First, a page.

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Amazon Scales Up and Out with New 'DynamoDB' Service

DynamoDB, based on NoSQL, uses solid-state drives to increase speed.

Amazon says it's "cracked the code" for scalability and non-administration with its latest database offering.

The company on Wednesday launched a new database service that will let customers store and modify huge amounts of unstructured content while proving rapid access to data. The new internally developed distributed database service, called DynamoDB, is based on NoSQL, which is growing in popularity as an alternative to SQL databases, particularly for managing unstructured data.

Amazon said customers that tested the beta of DynamoDB were able to achieve anywhere from hundreds to hundreds of thousands of writes per second without having to rewrite any code. Helping achieve the low latency and predictable response times is the fact that data is stored on solid state drives, (SSDs) and synchronized across Availability Zones (datacenters) within an Amazon Region.

Unlike traditional hard disk drives used in datacenters and storage arrays, SSDs are able to read and write data much faster. SSDs also cost much more than HDDs, though prices are declining with the proliferation of the media on mobile devices.

Amazon's new service looks to vastly extend upon the limitation of its SimpleDB service, the company's existing non-relational data store. With its fast access to data, DynamoDB might be one of the most scalable database services yet offered by a public cloud service provider.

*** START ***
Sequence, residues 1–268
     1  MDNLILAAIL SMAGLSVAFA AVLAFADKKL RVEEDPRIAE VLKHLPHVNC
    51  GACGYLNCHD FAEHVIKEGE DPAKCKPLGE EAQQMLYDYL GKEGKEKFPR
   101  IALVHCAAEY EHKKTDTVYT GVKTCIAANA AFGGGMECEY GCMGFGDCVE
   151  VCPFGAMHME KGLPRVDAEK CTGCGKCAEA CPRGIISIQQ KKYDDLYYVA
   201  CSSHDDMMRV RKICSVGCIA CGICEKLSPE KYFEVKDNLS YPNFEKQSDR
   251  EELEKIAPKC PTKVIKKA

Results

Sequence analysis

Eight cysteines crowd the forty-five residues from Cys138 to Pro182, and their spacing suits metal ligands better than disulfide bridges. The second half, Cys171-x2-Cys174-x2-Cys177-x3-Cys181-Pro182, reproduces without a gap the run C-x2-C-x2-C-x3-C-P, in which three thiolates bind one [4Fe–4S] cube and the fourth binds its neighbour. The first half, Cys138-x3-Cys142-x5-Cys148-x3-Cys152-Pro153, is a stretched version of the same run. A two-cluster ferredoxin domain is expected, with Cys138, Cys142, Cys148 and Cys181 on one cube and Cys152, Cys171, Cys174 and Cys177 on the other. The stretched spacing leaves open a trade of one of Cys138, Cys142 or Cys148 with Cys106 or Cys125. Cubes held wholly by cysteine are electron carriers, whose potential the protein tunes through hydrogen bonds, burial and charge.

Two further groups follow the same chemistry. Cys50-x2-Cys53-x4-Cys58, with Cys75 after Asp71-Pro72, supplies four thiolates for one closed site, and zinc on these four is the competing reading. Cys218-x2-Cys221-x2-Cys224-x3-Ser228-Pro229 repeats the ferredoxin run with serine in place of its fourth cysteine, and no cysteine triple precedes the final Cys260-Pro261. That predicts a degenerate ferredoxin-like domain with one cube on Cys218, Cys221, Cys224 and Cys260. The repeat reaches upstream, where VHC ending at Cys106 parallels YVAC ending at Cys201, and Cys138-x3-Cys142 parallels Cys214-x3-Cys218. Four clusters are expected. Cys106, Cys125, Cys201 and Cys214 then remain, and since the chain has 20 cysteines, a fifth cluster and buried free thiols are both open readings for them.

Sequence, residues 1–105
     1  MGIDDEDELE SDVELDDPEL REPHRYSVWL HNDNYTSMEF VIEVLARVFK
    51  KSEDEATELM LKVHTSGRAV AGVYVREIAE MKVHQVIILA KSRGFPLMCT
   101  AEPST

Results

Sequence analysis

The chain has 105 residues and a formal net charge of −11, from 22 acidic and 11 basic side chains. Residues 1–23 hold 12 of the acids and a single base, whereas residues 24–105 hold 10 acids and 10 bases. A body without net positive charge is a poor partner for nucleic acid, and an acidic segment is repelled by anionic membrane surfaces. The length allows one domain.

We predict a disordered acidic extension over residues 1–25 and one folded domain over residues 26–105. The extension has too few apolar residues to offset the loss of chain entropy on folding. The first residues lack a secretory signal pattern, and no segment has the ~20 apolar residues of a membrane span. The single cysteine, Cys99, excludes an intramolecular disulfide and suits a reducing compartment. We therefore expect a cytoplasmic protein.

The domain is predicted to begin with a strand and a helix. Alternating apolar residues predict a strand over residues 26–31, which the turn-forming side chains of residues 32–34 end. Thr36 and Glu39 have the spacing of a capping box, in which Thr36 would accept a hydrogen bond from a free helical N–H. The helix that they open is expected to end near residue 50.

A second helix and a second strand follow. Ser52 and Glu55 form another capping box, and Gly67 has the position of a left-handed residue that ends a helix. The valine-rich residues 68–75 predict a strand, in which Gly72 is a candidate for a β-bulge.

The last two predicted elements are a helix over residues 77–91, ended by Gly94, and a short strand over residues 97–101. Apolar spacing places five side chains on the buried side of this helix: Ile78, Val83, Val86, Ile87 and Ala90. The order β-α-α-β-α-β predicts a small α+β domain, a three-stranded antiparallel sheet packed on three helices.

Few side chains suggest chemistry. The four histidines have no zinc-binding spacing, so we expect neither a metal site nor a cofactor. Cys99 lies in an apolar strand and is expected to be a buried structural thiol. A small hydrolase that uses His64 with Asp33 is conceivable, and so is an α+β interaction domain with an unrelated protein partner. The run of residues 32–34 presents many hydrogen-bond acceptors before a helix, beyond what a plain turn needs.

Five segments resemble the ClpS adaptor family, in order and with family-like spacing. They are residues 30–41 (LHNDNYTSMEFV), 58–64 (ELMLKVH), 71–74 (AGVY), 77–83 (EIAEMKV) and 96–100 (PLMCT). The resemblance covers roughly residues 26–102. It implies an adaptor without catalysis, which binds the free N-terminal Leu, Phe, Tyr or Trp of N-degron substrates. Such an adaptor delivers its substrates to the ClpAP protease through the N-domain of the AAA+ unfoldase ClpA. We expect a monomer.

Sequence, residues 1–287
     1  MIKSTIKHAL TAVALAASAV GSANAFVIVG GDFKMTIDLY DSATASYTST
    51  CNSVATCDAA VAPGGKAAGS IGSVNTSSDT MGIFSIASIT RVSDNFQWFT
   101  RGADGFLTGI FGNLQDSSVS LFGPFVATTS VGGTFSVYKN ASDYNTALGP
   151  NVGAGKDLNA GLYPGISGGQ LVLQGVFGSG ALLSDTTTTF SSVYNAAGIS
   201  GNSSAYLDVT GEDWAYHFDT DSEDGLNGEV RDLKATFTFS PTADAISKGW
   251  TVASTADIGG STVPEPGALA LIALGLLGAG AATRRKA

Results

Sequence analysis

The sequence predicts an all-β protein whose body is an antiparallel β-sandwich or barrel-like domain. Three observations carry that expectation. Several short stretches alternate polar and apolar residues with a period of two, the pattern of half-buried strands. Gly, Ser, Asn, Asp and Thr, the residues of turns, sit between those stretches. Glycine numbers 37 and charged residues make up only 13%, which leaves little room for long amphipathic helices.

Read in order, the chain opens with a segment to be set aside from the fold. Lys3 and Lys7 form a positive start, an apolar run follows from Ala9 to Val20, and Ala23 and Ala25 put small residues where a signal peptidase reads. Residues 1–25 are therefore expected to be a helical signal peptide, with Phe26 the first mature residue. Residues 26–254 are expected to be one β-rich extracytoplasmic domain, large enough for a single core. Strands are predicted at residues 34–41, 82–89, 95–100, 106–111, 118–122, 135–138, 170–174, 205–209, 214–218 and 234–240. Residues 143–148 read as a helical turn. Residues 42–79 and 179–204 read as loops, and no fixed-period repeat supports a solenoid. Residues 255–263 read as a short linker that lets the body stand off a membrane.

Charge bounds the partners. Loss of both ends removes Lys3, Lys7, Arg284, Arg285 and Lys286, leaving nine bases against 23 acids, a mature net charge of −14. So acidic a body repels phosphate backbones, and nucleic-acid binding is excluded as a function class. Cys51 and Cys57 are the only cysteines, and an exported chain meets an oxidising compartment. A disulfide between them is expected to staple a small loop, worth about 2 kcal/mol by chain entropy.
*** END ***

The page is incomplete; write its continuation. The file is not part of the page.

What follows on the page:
"I haven't seen any other service provider offer at this scale, and provide it as a service," said Forrester Research analyst Vanessa Alvarez in an e-mail. "Most cloud service providers today offer infrastructure as a service (or storage as a service) and haven't moved beyond that.  However, there is interest. I've had many calls with service providers, where they're inquiring what it should look like."

DynamoDB is already powering the company's Amazon Cloud Drive and Kindle platforms, as well as Web scale services run by photo- and video-sharing service SmugMug and health information provider Elsevier. In addition to performance, Amazon touted the fact that DynamoDB is a fully managed service, meaning it doesn't require database administrators or systems management. Customers can configure capacity requirements via the AWS Management Console.

"DynamoDB is a fully managed NoSQL database service that provides extremely fast and predictable performance with seamless scalability," said Amazon CTO Werner Vogels in a webcast announcing the new service. "It enables customers to offload the administrative burdens of operating and scaling distributed databases so they don't have to worry about provisioning, patching, configuration, cluster management, things like that. With DynamoDB we believe we've finally cracked the code in giving developers what they've always wanted -- a seamless scalability and zero administration."

Vogels added that DynamoDB will appeal to customers who don't want to run SQL databases via Amazon's EC2 service or on their own premises. Amazon handles the management and administration of the features of DynamoDB. In fact, the only controls it offers to customers is the ability to dial up or down the capacity of the service and to add or remove data.